Ken Morris
BrainTrust

It is all about the experience and the emotions felt during the experience directly transfer to the brand perception and image. Consumers love the theater of shopping and retailers recognize that the experience is often more important than the products they sell. RH’s luxury flagship compound is a destination that will attract thousands of visitors (shoppers) and will elevate the brand image.

This luxury destination concept can work for most luxury brands and I am sure we will see a lot more of these pop up in the next few years. The key for RH is the exclusivity, the designer experience, the soft sell and the quality — Palm Beach, The Hamptons, and La Jolla are just a few state-side locales that might work. The theater of shopping lives within RH.

Ian Percy
BrainTrust

Points well made, Ken and you hit on something I don’t think has been mentioned elswhere in this discussion. You said, “the experience is often more important than the products they sell.” That is often the kiss of death, especially in the luxury category. I suggest by far the vast majority of visitors to this RH experience are just that — visitors — and have no intention of being shoppers. Folks love to experience what the wealthy experience but that doesn’t equal sales. There’s an $8 million home not far from me that has an “open house” every day. It is so amazing I love taking visitors there. The developers haven’t exactly seen a surge in sales due to my visits.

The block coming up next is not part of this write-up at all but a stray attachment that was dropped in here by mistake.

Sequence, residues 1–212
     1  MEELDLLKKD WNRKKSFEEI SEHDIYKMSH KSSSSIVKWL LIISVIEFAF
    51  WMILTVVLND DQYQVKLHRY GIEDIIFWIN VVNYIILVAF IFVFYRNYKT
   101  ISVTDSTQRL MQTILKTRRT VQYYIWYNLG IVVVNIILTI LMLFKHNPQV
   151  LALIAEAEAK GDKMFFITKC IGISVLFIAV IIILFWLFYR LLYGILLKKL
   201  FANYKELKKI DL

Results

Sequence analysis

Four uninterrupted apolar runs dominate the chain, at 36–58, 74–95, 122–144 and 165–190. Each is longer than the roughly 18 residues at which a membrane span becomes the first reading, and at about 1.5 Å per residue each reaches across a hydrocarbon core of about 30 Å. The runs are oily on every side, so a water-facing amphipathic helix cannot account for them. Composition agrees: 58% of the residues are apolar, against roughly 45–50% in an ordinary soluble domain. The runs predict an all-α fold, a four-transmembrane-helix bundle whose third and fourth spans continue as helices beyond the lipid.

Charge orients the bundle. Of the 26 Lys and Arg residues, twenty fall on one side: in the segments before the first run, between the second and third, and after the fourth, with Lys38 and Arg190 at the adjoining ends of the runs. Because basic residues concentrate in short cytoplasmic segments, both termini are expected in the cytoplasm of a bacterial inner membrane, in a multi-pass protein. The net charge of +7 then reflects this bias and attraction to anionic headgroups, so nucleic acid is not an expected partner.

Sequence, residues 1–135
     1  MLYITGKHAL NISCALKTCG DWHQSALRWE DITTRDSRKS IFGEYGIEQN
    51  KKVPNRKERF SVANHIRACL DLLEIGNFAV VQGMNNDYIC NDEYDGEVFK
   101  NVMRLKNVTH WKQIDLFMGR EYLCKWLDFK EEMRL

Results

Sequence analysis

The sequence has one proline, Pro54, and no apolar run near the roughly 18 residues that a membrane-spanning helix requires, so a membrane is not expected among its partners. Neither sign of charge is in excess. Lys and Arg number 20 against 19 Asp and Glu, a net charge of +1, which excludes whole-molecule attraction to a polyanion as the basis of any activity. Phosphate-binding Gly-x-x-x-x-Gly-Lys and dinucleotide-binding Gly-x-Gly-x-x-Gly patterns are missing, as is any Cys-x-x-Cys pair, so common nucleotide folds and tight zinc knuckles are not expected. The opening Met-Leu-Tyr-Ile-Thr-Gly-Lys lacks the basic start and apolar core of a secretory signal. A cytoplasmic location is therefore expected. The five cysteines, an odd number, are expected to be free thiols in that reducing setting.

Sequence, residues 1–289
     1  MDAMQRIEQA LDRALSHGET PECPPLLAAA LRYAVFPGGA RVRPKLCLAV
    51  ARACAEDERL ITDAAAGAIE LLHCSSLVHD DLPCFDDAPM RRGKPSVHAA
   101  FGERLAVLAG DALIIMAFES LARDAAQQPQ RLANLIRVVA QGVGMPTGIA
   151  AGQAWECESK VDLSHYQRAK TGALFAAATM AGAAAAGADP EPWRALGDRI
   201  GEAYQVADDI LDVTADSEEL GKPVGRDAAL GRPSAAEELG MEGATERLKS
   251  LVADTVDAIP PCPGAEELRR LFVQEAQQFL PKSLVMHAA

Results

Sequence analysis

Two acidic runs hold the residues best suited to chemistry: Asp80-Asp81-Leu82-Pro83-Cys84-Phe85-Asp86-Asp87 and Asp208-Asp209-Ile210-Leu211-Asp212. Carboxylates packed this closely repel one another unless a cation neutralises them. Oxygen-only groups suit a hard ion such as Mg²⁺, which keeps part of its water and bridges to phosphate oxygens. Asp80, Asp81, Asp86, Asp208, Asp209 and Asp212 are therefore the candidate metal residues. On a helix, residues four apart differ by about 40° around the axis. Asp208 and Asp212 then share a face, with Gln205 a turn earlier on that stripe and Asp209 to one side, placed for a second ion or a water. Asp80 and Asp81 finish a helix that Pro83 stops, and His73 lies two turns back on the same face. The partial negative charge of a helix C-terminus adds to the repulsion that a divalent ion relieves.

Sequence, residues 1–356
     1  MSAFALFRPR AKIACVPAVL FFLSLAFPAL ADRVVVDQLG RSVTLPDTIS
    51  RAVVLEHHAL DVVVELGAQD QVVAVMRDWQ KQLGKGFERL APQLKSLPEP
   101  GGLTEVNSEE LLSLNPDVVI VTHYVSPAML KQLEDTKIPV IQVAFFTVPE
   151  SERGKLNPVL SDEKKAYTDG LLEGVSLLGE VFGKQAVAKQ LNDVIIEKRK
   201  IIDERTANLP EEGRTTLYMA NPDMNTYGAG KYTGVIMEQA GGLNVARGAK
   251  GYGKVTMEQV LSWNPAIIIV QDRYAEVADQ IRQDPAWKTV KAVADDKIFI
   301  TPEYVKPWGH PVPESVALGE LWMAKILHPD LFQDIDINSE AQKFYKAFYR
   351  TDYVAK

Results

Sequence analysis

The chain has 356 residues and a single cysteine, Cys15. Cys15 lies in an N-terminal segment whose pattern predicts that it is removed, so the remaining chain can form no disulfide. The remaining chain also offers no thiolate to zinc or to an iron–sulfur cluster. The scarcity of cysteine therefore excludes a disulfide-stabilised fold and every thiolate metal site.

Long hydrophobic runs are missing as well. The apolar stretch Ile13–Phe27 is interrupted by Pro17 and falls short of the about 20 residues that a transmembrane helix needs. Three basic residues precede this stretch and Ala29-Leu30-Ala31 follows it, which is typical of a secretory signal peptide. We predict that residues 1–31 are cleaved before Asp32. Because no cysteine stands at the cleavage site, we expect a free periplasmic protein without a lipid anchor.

Doug Garnett
BrainTrust

There’s no question it’s a good investment. First, it’s experiential retail the way it should be: displaying product in a world that’s attractive, interesting, and good shopping for consumers. Second, the flagship experience addition to the brand will help the remaining stores – even if they don’t have the full experience. It makes this experience part of the brand.

That said, I will complain about “RH.” We have seen an incredible number of very poor “re-brands” and new logos over the past few years. Where iconic, clear, memorable, and valuable names are jettisoned for dull, unmemorable letters (like RH or boring visuals like Burberry).

As Byron Sharp observes, brands must maintain distinctive brand assets — they’re the only way consumers use the brand. So I’ll give RH tremendous kudos for these stores and very poor grades for the new name.

Casey Golden
Guest
The irrational connection between a brand and consumers is every luxury brand’s goal. The industry works by creating desire for the brand affiliation as much as the product. Allowing an aspirational and loyal consumer the opportunity to feel the brand is always worth the investment, so long as the objective is achieved. Gary Friedman is on the right track, however he is not the first and with any hope he will not be the last. RH is making these social locations to engage with the brand a permanent lifestyle destination vs. a pop-up shop and it resonates well with today’s “accessible luxury” initiatives. Armani has hotels, Ralph Lauren has restaurants, Gucci opened a cafe, and Roberto Cavalli owns several. RH is creating a brand culture that is more than a physical product and should perform better than a Facebook ad or Google Adwords because people want someplace to go other than a traditional department store or Starbucks. It’s a long play strategy that is more expensive but it has the chance to reap unprecedented returns… Read more »